Haruko Okano has lived in a subsidized housing co-op in Vancouver for the last 20 years. The 68-year-old loves her one bedroom suite at China Creek Co-op near Commercial Drive, but is now worried she will no longer be able to afford to live there.
Okano is one of thousands of British Columbians fearing she will have to find a new home as federal housing subsidy agreements with 1,500 B.C. households come to an end between now and 2017.
Ottawa stopped funding social housing nearly two decades ago, but continued to provide operating subsidies for existing projects. Those time-limited funding agreements are now expiring.
Okano joined the Co-Operative Housing Federation of B.C. at a press conference Monday to urge all candidates running in the upcoming May provincial election to commit to supporting co-op housing subsidies for low income families.
“I won’t be able to live in my house if I have to pay market rent,” said Okano in an interview.
“My pension is a little over $1,000 a month and I would be left with $193 a month after paying market rent. It doesn’t leave me much money at all.”
Okano said she pays $343 with the subsidy for a one bedroom suite at China Creek, but that would increase to just over $800 a month without the subsidy. If that happens, she said, she would be forced to move away from the home and community she loves.
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In an effort to lobby for rent assistance for low-income families, the Co-Operative Housing Federation of B.C. used the press conference Monday to launch a “You Hold the Key” campaign. Their goal is to seek a commitment from all provincial election candidates and parties to continue rent-geared-to-income support for low income co-op members. Members are planning to attend candidate meetings and events to ask questions and push the issue.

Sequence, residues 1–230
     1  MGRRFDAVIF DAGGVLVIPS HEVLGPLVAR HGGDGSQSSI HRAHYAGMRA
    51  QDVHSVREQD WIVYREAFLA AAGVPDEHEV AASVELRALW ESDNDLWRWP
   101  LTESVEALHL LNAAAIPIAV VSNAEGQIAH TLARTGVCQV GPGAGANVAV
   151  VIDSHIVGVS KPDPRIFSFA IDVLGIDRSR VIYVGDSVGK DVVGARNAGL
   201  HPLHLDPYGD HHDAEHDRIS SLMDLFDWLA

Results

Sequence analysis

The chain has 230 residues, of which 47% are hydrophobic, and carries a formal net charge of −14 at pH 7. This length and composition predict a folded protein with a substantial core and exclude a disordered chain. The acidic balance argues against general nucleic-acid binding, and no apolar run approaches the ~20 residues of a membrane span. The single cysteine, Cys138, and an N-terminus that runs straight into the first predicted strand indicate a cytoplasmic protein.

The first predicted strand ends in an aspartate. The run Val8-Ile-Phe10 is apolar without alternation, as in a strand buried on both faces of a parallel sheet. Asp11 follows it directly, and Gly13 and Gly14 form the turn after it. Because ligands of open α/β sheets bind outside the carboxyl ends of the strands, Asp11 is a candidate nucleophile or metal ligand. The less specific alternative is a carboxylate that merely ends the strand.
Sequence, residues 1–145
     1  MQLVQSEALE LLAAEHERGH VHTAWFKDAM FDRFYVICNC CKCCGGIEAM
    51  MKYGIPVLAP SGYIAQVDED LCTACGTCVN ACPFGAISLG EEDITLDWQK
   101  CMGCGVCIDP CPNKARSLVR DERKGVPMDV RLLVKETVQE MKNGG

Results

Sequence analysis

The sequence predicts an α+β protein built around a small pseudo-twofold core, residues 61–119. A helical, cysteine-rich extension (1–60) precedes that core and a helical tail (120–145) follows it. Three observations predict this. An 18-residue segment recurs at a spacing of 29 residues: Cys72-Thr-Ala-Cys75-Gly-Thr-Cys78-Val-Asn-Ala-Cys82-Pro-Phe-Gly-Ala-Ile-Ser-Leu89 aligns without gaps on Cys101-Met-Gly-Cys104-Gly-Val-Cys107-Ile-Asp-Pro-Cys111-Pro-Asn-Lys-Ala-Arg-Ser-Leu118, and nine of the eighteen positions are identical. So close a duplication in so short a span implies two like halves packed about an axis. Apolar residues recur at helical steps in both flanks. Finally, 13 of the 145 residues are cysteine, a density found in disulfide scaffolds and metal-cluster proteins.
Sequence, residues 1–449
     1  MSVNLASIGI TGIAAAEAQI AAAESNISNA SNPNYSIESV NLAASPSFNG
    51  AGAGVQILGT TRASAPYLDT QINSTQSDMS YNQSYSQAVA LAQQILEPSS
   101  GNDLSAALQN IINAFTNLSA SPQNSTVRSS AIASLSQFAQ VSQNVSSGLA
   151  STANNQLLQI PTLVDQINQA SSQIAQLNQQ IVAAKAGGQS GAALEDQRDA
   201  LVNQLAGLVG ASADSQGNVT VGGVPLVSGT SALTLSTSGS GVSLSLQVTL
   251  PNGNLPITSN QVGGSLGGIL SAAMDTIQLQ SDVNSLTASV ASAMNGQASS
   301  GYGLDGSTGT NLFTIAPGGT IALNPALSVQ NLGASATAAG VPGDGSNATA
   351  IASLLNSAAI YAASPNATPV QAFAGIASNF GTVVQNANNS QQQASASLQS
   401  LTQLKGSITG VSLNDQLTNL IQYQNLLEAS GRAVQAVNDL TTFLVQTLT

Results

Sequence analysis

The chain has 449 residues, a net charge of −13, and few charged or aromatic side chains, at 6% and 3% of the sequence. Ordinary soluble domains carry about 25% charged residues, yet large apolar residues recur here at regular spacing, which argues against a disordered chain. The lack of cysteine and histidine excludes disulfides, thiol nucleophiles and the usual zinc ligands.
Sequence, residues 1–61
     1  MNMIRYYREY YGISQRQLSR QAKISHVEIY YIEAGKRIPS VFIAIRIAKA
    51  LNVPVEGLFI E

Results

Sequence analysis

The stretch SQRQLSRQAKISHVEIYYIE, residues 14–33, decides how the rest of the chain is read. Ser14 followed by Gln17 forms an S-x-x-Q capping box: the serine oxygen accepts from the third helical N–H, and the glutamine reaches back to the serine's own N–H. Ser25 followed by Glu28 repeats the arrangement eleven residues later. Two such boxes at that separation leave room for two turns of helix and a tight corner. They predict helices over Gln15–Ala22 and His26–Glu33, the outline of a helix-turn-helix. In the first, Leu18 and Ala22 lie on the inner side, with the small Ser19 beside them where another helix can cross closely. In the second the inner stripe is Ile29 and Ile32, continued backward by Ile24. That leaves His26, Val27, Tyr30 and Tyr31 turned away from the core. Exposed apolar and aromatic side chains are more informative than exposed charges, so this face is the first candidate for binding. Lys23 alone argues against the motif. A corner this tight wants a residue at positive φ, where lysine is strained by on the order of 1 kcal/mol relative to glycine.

“One-quarter of co-op homes in B.C. will come to the end of their federal housing agreements — 1,500 households by 2017 and 3,000 by 2020,” said Thom Armstrong, executive director of CHF.
“This will disrupt thousands of communities. Their low-income members will be at risk.”
Without the subsidies, Armstrong said low income families, seniors and many people with disabilities would no longer be able to afford the rental market of co-ops, adding that without them the diverse communities that co-ops now enjoy would become a thing of the past.
Vancouver city councillor Geoff Meggs said the 25-year-old co-op housing movement has helped create affordable housing in Vancouver and, while the city regrets the federal government’s decision to stop providing rent assistance for low-income households, the provincial government is now central to ensuring it continues “whether it likes it or not is not.”
“We see the need for the next provincial government to sit down and form an effective housing strategy to protect and enhance the (affordable housing) stock we have,” said Meggs.
He said the city is willing to continue to be a partner in that endeavour and noted in many cases Vancouver has contributed land in which co-ops have been built.
According to Armstrong, between 2011 and 2014 the federal government committed to contributing $90 million toward housing in B.C., but none of those funds have yet been earmarked to support low-income housing.